Fishing the ima Glide Fluke with Josh Parris
The ima Glide Fluke is a unique lure that is part glide bait but can also be fished like a soft-plastic jerkbait.
California guide and noted big bass specialist, Josh Parris, is a big fan of the bait. He began catching fish with it initially after it was released and as he has learned more about how to fish it, it has become an even bigger part of his arsenal.
A Hybrid Bait
With the word glide right in its name, many anglers think of it as strictly a glide bait, but it can do much more, according to Parris.
“For me, it is more of a hybrid bait and not true glide bait. It will still glide, but I use it more when I am looking for a reaction-type bite,” he said. “I have certain criteria I am looking for and when the timing is right, it is hard to beat the Glide Fluke.”
What he is looking for mainly comes down to the conditions and the mood of the bass.
“If the fish are hanging by trees and not grouped up, I might reach for a different glide bait and work it much slower. I fish the Glide Fluke much more aggressively and it is great when the fish are up in the water column and actively feeding,” he said. “Here in Northern California, they pull the bulk of the water through the reservoirs at night so that the first hour or two of the morning is a prime window for the Glide Fluke because the fish are feeding.”
An Eye-Opening Experience
When he first started experimenting with the Glide Fluke, Parris would fish it much more slowly than he does now.
A striper trip to Hogan changed his outlook on the bait and how well it works at fast speeds.
“We were catching them at break-neck retrieve speeds and I have carried that over to bass fishing and it works just as good. Many baits will blow out, or foul hook on themselves at high speeds and the Glide Fluke tracks true,” he said. “I fish it with a series of quick rod pops and pauses mixed in, almost like fishing a rip bait.”
While he keeps the bait moving, he implements a gliding action when he sees a follower.
“Many times that fast retrieve will get them fired up and they’ll start to follow and if they don’t get it, I’ll slow it down. That’s when I’ll use my reel to get it to glide side to side, before picking up speed again.”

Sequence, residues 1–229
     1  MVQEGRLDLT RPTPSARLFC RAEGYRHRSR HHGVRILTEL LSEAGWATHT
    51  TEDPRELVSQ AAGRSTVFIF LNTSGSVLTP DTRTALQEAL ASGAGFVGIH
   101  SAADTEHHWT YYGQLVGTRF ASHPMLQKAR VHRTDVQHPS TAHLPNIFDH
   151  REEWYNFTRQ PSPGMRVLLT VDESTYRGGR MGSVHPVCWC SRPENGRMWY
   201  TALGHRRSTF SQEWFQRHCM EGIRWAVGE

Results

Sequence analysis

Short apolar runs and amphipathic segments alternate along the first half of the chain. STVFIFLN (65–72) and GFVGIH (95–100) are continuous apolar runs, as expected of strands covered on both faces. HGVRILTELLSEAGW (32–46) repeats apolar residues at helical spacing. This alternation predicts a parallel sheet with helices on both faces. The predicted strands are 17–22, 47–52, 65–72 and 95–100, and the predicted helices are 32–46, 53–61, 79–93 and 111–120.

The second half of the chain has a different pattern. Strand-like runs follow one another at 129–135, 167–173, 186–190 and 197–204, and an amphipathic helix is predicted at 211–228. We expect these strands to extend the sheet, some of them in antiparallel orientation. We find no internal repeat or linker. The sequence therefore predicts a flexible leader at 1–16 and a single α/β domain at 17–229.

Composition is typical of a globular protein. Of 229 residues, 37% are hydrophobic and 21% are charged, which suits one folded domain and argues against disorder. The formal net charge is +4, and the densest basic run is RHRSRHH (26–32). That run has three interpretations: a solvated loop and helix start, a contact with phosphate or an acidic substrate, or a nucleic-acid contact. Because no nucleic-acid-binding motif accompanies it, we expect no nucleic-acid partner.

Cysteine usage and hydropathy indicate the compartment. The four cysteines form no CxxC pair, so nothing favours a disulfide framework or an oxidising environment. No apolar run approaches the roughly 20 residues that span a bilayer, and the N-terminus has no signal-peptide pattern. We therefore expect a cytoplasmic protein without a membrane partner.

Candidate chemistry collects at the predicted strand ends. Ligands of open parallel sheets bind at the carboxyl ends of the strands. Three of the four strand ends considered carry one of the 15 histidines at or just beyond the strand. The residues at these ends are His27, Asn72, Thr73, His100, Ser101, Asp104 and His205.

The Glide Fluke comes in two different sizes, a 125mm (4.9”) and 178mm (7”) and both sizes come in a sinking and a floating model. Parris uses them all and the most straightforward answer to how he decides what size to use is “matching the hatch” to the forage.
“I use both and try to match the forage type to get a response to the fish. I’ve seen it where the bigger one is needed and times where the small one catches all of the better fish in a day,” he said.
The two sizes of baits have much different actions as well.
“The bigger one is easier to get wide glides out of and the smaller one has a much tighter action. But, both of them are very user-friendly to fish.”
When deciding whether to throw the floating and sinking, depth is a factor, but not the only one.
“I use the floating version in really shallow water and anytime I want to use longer pauses because the sinking version will keep dropping. When fishing over brush, the floating version is also a must,” he said.
For the sinking version, Parris has a system to start the day to gauge where the fish are. He’ll watch his electronics, specifically side imaging to get a clue to where the fish are, but will also rely on trial and error.
“I typically start by making a cast and working it just below the surface and if that doesn’t produce, I’ll try counting down 15-seconds before starting my retrieve. I’ll even count it down to 60-seconds to try to find where the fish are,” he shared.
Locations and Gear
When asked what lakes he’s had success on the Glide Fluke, Parris rattled off a lengthy list of popular California bass fisheries.
“I’ve done the most work with it on New Melones, but Camanche, Don Pedro, Bullards, McClure, and Berryessa have all been good. I like to fish it over rock piles, suspended trees, on boat ramps, and around bridge pilings,” he added.
He’s a believer in using a crankbait rod, both working the bait and a better landing percentage.
“I use a 7’4” medium-heavy deep cranking rod for the bigger one and a 7’3” cranking rod for the smaller one. The rod loads better and hooks more of those fish that come up and slash at it, which happens a lot,” he shared.
He’ll fish them on a 7.1:1 reel with 10 to 12-pound fluorocarbon for the 125 and 17 to 20-pound for the 178.
The ima Glide Fluke is much more than a glide bait. It can be fished like one, but it can be fished quickly to entice bass throughout the water column.